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Census 2000:
The Asian Population - Part I
 
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The Asian Equation

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  One out of every 24 people in the United States is Asian. The Asian population in the United States has now reached 11.9 million people, or 4.2 percent of the total population. However, unlike the 1990 census, this time the category "Asians" included people who reported themselves to be either Asian alone, or Asian in combination with one or more other races.  
  Whether you use the race "alone" or "in combination" comparison, the Asian population still increased faster than the total population between 1990 and 2000. In 1990 there were 6.9 million Asians. Using just Asians alone that number increased by 3.3 million, or 49 percent. If you combine Asian alone with the in combination population, an increase of 5.0 million, or 72 percent results. Thus, from 1990 to 2000, the range for the increase in the Asian population was somewhere between 48 percent and 72 percent! In comparison, the total population grew by 13 percent, from 248.7 million in 1990 to 281.4 million in 2000. -JK  
  Next Month: Which is largest subgroup of the Asian population?
In July we'll examine the American Asian population in more demographic detail.
 
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United States Asian Population: 1990 and 2000
Source: US Census Bureau; Census 2000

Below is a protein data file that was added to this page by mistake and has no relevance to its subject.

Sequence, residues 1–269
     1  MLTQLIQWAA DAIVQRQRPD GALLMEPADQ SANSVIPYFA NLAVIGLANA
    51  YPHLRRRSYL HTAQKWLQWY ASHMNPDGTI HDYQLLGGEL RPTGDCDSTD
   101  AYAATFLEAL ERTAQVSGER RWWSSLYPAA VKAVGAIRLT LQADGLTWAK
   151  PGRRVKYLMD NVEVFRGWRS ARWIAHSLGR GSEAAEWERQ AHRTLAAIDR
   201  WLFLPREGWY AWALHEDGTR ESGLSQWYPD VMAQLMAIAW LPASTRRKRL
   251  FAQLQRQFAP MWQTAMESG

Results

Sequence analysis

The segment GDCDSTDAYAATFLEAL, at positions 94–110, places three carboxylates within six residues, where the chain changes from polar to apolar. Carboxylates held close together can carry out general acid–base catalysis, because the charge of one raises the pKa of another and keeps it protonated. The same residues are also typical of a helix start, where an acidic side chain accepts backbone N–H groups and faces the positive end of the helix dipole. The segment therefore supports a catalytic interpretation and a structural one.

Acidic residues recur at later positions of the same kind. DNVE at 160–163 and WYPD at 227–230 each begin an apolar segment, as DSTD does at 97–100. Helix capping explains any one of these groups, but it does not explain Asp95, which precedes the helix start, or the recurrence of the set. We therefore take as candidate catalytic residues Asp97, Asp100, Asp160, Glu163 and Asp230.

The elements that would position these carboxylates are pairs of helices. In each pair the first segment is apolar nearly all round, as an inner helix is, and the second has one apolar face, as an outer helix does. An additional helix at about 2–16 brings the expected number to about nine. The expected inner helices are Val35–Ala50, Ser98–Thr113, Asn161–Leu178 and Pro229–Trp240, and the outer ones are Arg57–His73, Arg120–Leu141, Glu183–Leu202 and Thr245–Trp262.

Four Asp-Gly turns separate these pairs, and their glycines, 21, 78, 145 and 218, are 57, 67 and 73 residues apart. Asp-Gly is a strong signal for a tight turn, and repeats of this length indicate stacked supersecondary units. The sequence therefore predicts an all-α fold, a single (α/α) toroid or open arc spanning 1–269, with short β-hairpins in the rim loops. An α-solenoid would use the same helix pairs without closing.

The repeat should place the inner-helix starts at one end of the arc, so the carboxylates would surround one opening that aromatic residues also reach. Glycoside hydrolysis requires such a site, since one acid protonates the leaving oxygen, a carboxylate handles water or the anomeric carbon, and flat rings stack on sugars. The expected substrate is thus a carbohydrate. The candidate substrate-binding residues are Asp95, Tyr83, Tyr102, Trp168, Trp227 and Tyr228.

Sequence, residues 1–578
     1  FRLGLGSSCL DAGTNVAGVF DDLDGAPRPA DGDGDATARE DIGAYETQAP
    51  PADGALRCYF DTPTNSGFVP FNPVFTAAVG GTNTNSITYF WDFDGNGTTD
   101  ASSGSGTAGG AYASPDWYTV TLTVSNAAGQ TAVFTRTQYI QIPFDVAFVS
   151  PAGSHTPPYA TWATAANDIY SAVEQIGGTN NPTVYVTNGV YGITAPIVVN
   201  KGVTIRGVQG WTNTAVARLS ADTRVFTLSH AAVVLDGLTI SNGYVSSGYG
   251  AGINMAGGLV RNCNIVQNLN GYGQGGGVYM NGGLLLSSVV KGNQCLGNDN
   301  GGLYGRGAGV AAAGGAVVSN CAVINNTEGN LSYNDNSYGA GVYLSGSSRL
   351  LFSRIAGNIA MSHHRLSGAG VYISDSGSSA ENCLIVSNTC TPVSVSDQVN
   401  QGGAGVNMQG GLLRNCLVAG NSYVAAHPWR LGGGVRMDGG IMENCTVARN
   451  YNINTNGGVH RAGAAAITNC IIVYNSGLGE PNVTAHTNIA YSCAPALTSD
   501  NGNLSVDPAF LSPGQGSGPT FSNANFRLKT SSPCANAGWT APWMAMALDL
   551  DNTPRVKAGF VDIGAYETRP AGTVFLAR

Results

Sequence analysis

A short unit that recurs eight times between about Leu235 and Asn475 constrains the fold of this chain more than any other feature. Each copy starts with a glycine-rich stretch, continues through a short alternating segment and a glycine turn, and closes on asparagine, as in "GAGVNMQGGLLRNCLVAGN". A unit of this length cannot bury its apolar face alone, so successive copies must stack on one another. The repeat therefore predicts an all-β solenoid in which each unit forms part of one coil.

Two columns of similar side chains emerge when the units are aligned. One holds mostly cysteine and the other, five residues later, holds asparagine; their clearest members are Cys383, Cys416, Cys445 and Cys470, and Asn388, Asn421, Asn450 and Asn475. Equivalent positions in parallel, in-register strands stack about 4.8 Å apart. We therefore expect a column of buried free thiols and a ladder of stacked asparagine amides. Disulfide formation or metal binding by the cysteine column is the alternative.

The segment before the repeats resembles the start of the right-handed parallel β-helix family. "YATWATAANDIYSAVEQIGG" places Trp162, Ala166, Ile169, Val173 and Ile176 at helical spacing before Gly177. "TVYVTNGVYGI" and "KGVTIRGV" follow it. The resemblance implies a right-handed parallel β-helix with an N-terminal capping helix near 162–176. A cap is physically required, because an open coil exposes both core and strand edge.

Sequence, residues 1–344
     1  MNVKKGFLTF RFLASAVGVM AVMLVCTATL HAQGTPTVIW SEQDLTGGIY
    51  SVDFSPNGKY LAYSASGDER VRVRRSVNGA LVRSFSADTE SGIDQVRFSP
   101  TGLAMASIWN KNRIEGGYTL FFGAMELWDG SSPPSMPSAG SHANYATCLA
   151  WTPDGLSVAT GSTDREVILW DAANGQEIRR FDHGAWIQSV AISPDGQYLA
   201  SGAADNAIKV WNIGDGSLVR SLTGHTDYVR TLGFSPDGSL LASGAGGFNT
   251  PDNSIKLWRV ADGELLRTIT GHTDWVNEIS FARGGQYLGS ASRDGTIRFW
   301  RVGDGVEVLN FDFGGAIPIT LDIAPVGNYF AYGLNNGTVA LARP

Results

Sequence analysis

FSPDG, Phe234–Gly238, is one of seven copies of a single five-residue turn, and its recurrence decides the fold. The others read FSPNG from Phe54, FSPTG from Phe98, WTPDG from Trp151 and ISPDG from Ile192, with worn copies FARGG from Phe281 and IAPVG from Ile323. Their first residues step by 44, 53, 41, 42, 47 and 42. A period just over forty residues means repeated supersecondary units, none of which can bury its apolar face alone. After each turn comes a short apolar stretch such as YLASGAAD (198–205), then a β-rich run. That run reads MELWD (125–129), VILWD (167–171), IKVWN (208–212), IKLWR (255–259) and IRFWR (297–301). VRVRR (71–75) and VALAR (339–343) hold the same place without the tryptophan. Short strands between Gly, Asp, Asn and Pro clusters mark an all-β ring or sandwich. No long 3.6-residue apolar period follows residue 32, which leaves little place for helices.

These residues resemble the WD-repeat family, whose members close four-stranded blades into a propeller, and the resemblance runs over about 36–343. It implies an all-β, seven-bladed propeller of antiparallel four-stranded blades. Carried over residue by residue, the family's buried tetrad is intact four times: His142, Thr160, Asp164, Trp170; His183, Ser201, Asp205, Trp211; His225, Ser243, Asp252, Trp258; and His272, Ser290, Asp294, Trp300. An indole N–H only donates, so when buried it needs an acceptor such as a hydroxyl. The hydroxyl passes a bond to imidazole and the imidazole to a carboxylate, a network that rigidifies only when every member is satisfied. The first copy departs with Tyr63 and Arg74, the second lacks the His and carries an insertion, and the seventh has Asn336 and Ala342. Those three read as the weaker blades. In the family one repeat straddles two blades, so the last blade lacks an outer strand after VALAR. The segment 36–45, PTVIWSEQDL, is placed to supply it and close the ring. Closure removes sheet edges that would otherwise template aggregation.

POPULATION 1990 2000 % TOTAL US POP.
Asian 6.9 NA 2.8
Asian Alone NA 10.2 3.6
Asian In Combination NA 1.7 .6
Asian Alone or In Combination NA 11.9 4.2
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l Ministry Ideas l
     
 
Consider the racial/ethnic makeup of your congregation and your community. Are any Asian ethnicities represented? The bridge to racial/ethnic ministry is built upon an understanding and respect for the culture. . .
 
 
l Consider the "Asian alone or in combination" factor—a new quantitative distinction in the US Census. It brings up the issue of mixed races and how people perceive themselves racially. If, for example, one is half Caucasian and half Korean how might that affect their concept of themselves and their world?
How would Asian immigrants differ from their native born Asian-American children? Do you think older generations have succeeded in passing on their religious beliefs to their children and if so, how might the American experience have changed or even diluted some of those beliefs?
Perhaps more than some other ethnic groups, Asian immigrants may tend to stay within their own circles, not assimilating as easily with other cultures. What might be some of the reasons for this? Cultivating a relationship with one or more persons may help you gain a better understanding of their culture.
 
     
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